Instead of throwing away a broken camera from my childhood, I decided to convert it into pinhole camera. Read more to learn how I did it and to see the results.
One of the first cameras I ever used was a Polaroid 210 Automatic Land Camera. The Polaroid 210 Automatic Land Camera might be one of the most common pack film cameras ever made. Polaroid sold over 1.5 million of them. They were the first color-capable instant film camera to sell for under $50. The original sale price was $49.95. There are many working cameras still available and you can still get them for about $50 or less on eBay. Fuji still sells pack film that will work with this camera. They sell the FP-100C which is a 100 ASA color film and the FP3000B which is a 3,000 ASA black and white film. At this time of this writing, they also sell the FP-100B which is a 100 ASA black and white film, but it has been discontinued. The Polaroid 210 Automatic Land Camera had support for 75 ASA film and 3000 ASA film, but 100 ASA is close enough to work. The 210 Automatic Land also had an adjustment to lighted or darken the picture, so you can compensate for the slightly faster film by darkening the picture.
When I finally examined my camera, after not having looked at it for 35 years, I found that it still had a 35 year old battery in it. The 210 Land camera uses an A24PX/532 3 volt alkaline battery. These are still available for about $10 each or less. It’s also possible and easy to create a three AAA battery pack that will clip onto the battery leads and fit inside the compartment. This is what I opted for. After I did the conversion I found out that the camera was broken because the electronic shutter wouldn’t fire. At first, I was very disappointed, then it occurred to me that I could probably easily convert it into a pinhole camera.
I removed the electronic shutter and all of the electronics associated with it which are all located in the very front of the camera that telescopes away from the body. Removing everything was pretty easy. Then, I used one of the aluminum bits from the camera itself to create the pinhole. I taped the pinhole onto the front of the camera with black electrical tape. Then, I used black electrical tape as a shutter.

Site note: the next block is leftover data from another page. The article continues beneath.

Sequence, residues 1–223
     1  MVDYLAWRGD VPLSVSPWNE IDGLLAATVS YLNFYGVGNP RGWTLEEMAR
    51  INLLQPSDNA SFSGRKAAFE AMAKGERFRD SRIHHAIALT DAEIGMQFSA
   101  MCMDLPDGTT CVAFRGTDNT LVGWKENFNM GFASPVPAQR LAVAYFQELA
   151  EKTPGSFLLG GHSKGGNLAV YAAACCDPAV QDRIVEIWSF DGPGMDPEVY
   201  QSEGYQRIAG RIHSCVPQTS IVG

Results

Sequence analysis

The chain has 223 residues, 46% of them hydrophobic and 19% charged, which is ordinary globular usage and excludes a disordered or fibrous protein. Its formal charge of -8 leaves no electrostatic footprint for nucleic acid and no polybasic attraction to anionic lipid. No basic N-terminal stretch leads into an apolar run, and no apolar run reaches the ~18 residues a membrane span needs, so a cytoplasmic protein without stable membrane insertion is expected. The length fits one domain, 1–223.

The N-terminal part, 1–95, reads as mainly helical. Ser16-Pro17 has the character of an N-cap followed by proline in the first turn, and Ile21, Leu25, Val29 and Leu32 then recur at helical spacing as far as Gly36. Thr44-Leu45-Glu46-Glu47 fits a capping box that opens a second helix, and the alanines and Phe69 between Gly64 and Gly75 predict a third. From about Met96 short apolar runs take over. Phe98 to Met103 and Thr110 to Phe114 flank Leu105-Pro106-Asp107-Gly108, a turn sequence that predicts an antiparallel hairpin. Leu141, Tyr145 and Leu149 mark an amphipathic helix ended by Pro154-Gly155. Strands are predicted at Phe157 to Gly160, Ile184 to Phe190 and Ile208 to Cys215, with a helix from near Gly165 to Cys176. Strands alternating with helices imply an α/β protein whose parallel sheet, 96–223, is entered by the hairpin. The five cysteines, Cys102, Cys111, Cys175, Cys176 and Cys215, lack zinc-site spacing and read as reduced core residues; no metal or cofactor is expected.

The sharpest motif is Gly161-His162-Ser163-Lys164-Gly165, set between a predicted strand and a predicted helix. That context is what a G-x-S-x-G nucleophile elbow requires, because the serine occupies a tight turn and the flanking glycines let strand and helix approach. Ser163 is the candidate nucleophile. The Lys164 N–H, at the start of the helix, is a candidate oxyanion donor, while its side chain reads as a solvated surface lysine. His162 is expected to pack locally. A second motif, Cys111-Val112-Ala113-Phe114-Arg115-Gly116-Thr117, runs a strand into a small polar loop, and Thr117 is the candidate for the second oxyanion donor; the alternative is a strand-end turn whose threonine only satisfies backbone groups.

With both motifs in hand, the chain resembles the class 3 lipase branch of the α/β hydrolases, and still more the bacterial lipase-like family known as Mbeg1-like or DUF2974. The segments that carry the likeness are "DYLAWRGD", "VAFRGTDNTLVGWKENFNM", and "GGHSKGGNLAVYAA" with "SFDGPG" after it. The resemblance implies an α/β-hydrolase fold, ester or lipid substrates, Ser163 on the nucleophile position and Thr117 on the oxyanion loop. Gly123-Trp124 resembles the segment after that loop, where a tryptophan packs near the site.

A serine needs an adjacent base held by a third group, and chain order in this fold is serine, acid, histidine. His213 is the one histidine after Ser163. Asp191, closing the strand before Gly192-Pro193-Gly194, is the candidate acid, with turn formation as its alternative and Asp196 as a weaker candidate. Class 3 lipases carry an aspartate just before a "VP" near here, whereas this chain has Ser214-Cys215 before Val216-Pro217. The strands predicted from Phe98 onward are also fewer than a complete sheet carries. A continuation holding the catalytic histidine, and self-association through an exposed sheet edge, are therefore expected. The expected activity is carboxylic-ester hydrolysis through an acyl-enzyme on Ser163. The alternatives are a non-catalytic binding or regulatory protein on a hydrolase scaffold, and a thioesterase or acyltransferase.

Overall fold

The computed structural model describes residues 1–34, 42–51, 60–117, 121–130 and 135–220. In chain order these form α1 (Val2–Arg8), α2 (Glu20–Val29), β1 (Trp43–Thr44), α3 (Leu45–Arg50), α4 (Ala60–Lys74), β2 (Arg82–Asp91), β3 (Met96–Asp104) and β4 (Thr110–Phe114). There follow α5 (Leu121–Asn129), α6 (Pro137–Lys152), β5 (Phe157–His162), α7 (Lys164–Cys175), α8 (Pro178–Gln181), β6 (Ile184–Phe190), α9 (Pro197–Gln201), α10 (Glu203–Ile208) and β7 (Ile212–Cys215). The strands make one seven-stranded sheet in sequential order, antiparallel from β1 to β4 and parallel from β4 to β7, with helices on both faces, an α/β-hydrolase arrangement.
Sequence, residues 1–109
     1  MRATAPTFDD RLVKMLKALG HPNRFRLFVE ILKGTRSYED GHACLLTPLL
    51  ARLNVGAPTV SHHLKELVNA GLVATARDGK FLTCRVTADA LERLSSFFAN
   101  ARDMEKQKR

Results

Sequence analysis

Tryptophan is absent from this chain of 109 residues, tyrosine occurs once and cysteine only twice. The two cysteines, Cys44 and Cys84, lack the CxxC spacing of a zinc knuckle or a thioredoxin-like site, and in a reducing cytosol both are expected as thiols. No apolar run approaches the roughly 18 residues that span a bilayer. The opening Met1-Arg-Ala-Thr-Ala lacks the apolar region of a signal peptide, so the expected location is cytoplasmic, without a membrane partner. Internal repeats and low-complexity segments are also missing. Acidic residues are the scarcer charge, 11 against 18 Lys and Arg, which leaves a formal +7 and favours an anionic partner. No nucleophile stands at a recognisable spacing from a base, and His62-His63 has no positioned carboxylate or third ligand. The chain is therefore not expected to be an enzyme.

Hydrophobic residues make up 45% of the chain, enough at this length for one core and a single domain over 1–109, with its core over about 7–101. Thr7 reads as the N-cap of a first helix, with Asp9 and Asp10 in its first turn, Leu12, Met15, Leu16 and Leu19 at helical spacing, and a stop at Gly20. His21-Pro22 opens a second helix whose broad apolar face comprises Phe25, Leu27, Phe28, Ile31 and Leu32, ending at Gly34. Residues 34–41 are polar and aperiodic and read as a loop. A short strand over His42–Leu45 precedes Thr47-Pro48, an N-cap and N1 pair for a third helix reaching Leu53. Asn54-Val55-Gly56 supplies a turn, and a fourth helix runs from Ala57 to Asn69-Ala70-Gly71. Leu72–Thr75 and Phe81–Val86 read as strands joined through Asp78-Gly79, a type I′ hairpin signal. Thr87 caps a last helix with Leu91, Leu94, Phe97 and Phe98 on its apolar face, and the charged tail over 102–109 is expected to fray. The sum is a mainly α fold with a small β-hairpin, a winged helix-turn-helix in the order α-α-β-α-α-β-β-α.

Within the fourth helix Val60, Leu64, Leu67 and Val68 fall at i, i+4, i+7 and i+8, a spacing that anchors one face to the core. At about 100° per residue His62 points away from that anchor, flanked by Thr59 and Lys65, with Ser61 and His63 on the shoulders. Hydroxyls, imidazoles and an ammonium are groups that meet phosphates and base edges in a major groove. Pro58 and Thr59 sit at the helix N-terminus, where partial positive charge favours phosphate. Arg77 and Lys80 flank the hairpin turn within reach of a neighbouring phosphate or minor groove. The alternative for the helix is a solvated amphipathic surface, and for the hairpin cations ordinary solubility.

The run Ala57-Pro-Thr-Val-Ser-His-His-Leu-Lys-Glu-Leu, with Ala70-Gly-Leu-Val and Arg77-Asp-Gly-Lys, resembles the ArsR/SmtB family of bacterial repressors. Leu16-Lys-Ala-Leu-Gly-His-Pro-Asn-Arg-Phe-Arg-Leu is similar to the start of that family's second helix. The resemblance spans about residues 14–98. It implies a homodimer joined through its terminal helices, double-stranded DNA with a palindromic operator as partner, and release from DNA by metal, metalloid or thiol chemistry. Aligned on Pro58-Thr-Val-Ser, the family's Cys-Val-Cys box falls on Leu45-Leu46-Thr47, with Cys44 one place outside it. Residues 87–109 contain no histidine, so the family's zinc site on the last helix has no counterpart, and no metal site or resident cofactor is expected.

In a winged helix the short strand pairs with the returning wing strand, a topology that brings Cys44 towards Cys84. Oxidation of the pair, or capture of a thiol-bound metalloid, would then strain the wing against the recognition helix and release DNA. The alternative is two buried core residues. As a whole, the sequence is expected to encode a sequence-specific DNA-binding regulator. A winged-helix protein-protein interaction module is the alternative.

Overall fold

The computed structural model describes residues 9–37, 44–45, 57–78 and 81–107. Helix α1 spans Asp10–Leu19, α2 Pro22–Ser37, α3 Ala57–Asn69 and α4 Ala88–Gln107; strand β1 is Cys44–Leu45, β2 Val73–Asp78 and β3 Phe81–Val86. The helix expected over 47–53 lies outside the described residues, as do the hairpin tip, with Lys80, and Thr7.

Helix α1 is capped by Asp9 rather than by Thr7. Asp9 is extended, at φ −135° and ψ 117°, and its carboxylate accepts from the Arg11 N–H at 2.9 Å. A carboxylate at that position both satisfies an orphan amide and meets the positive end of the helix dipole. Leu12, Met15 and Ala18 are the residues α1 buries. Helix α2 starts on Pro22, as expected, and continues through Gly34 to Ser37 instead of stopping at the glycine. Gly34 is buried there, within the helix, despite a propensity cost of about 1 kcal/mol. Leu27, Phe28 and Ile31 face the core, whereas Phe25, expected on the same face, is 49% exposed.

Aside: Do you have a roll of black electrical tape? If you don’t, why not? Here’s what the camera looks like without all the electronics and a close-up of the business end of the camera:
I made sure the rollers were clean and I loaded up the camera with some Fuji FP-100C. I was just guessing at the pinhole size, so I had no way to figure out a reasonable exposure time other than testing it. This was the first shot I took. It was indoors, at night, with the bellows in all the way. I left the shutter open for 30 minutes – yes, that’s 30 minutes, not 30 seconds. This is what I got:
Clearly, I had managed to make a very small pinhole. The picture was drastically underexposed. Also, the image covered a small circle in the middle of the frame. That meant that the bellows was in too far. I was hoping for an ultra wide-angle image, but it wasn’t covering the entire picture frame, so I was going to have to let the bellows out more.
I shot the next picture outside in bright daylight. I extended the bellows out all the way and exposed the picture for about 10 seconds. Here’s what I got:
Much better. I really like the strong vignetting and the picture was pretty sharp for a pinhole, that is.
Next, I wanted to see what would happen if I pulled the bellows in a bit. This would give the camera a shorter focal length and should produce a wider-angle image. I took the same shot from the same location, but I counted to about 15 seconds instead of 10. This is what I got:
Hm. Definitely a wider angle, and the exposure is better too. I’m using 100 ASA film, but this was a 15 second exposure in bright light. That was a pretty small pinhole I manage to make. That’s good because I like super long exposures. I decided to try a self-portrait using the same settings. This is what I got:
Here are some more shots of things at various distances:
All of the shots ended up with a strong blue cast which is even more noticeable in the raw scans if I include the white border. This might be because of the age of the film I was using or it might be that this type of film reacts differently to very long exposures. Regardless, I am happy with the results and I look forward to having the opportunity to do more instant pinhole shots.